By the same token, the failure to obtain a defendant's signature on such a form carries great weight in support of that allegation. In this regard, we note that the State's witnesses did not assert that, although he agreed to waive his rights, Brown simply refused to sign a rights waiver form. Rather, they admitted that they did not even ask him to do so. While the former circumstance diminishes the importance of not obtaining a defendant's signature on such a form, the latter circumstance magnifies its importance. Where a defendant later alleges a statement was involuntary and the State alleges the contrary, the fact that the police did not even ask him to sign such a form justifies an inference that they did not ask because they had not advised him of his rights or because he had not, contrary to the State's assertion, agreed to waive his rights.
In view of Brown's denial that he had been advised of his Miranda rights and the fact that he did not sign a rights waiver form, the manifest weight of the evidence does not reveal that he knowingly and intelligently waived those rights. We must therefore affirm the grant of Brown's motion to suppress.
The evidence with regard to whether Brown had asked to see his mother was also conflicting. As such, we cannot say that the manifest weight of the evidence reveals that Brown had not asked to see her. Neither does the manifest weight of the evidence reveal that Brown's mother was allowed to see him as soon as it was reasonably practicable to do so. In relying upon this fact, we recognize that a juvenile does not have a per se right in Illinois to consult with a parent before questioning or to have the parent present during questioning. (In re S.D.S. (1982), 103 Ill. App. 3d 1008, 1012, 431 N.E.2d 759, cert. denied (1982), 459 U.S. 869, 74 L. Ed. 2d 128, 103 S. Ct. 153.) However, where they indicate an interest by their presence, parents should be allowed to confer with their child before, and to be present during, any questioning. The presence or absence of the parent is a factor in evaluating the voluntariness of a statement or confession under the totality of the circumstances test. In re S.D.S., 103 Ill. App. 3d 1008, 431 N.E.2d 759.
Brown's mother testified that she arrived at Area 6 late in the evening, around 7 o'clock on December 23. It is a reasonable inference from the testimony of the State's witnesses that they were not aware of her presence at Area 6 until they ended their interrogation of Brown at about 8:30 p.m. However, the fact that the assistant State's Attorney and police officers who were questioning Brown did not know of his mother's presence at Area 6 is insufficient to avoid the obligation to allow a parent to see his or her child where, as here, the parent has indicated an interest by her presence at the police station. Under such circumstances, the officers who know of the parent's presence have an affirmative duty to inform those actually questioning a juvenile of the parent's presence and request to see her child. And, in order to ensure the true voluntariness of a statement, those actually questioning the juvenile have an affirmative duty to stop the questioning and allow the parent to confer with her child. Where, as here, one or both of these duties is not fulfilled, that fact is properly considered in evaluating the voluntariness of a statement or confession.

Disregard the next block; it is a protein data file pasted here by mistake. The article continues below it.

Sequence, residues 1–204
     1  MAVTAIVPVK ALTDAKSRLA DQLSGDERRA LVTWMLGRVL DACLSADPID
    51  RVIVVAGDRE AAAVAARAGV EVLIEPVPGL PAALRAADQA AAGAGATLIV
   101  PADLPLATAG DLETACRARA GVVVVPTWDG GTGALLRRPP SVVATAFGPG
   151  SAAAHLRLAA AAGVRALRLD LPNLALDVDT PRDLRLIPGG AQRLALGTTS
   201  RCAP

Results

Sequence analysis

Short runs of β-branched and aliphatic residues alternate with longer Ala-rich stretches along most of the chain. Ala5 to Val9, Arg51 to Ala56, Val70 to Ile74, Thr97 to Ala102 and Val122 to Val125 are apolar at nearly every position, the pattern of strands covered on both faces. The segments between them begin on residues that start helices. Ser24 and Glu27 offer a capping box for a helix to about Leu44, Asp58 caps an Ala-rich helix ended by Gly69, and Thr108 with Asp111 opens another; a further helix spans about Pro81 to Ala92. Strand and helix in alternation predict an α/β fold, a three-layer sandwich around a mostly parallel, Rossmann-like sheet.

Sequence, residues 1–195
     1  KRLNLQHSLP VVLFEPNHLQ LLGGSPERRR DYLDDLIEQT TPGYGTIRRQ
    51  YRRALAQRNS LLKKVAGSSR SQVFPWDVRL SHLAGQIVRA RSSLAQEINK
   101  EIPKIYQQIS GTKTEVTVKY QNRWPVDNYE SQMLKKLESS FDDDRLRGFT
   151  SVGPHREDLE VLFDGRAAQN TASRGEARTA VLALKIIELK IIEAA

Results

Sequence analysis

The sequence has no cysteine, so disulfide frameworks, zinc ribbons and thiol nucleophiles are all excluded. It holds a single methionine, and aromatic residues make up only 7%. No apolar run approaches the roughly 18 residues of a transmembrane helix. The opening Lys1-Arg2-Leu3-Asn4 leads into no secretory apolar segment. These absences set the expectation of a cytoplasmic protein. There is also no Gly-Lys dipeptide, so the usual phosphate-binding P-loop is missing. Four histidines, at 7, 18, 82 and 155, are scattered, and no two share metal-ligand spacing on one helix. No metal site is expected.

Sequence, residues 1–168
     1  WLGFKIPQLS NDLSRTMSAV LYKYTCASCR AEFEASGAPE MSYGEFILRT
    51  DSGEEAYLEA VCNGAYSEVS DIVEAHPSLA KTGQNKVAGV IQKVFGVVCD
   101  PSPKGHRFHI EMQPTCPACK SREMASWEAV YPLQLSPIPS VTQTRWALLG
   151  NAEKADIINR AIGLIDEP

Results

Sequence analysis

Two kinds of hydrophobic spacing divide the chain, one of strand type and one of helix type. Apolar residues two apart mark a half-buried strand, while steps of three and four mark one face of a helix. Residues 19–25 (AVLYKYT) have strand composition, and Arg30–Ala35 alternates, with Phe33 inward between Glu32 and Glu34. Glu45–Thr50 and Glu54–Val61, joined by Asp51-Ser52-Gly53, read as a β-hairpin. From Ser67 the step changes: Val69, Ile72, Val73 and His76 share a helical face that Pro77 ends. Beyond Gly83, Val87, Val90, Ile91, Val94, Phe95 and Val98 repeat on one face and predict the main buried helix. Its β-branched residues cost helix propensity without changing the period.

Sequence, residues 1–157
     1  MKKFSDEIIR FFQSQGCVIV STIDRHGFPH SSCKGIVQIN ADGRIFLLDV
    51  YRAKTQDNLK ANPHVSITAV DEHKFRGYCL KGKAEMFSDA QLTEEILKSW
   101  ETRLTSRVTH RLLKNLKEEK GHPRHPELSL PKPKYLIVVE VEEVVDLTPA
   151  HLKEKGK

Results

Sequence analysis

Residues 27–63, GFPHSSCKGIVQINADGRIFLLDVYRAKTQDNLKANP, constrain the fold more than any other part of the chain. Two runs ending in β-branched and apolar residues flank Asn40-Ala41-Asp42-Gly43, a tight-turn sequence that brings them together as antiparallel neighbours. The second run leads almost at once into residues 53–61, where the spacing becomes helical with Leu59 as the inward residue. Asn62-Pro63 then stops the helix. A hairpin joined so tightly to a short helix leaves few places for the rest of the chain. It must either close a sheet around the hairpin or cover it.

Under the totality of the circumstances surrounding the custodial interrogations of Brown, we believe the trial court's grant of his motion to suppress was not against the manifest weight of the evidence.
The State next contends that the police had probable cause to arrest Lowe and that his statement was voluntary under all the facts and circumstances of his interrogation thereafter.
Even assuming, as the State asserts, that Lowe's arrest was legal, i.e., accompanied by probable cause, and that we would therefore reverse the trial court's ruling on his motion to quash arrest, we cannot reverse the trial court's ruling on his motion to suppress unless we also find that the manifest weight of the evidence reveals that his statements were otherwise voluntary. However, as with Brown's statements, we do not find this to be the case.
At the suppression hearing, Lowe consistently denied having been advised of his Miranda rights after his arrest up to the time of his written statement. He also claimed that he asked about his uncle's whereabouts but received no answer from the police and that his request to call his mother was denied. Lowe further claimed that he was beaten and threatened into making a statement to the police and assistant State's Attorney and that the police directed his answers to the attorney's questions.
The State's witnesses contradicted Lowe's testimony in all of these respects. Moreover, Lowe's written statement reflected that he was not made any promises or threatened in exchange for the statement. Additionally, Lowe admitted being advised, at the time of his written statement, of his Miranda rights and that he could have his mother present during questioning. However, the effect of this latter fact is diminished by his testimony that he did not understand those rights and by the failure of the written statement to reflect that he was informed he could have his mother present during interrogation. In the final analysis, the contradictions in the evidence on these matters preclude a finding that the trial court's ruling on Lowe's motion to suppress was against the manifest weight of all the evidence.
We find that the failure of the police to allow Lowe's uncle to see him and to be present during his questioning, although he had indicated an interest by his presence at Area 6, also rendered Lowe's statements involuntary. In this regard, we believe that, while there is no per se right to speak to an adult in all cases, whether a juvenile has been afforded an opportunity to speak with an interested adult who is available to do so is of great importance in later determining the voluntariness of any statements by the juvenile.
For all of the foregoing reasons, the order granting defendants' motions to suppress are affirmed.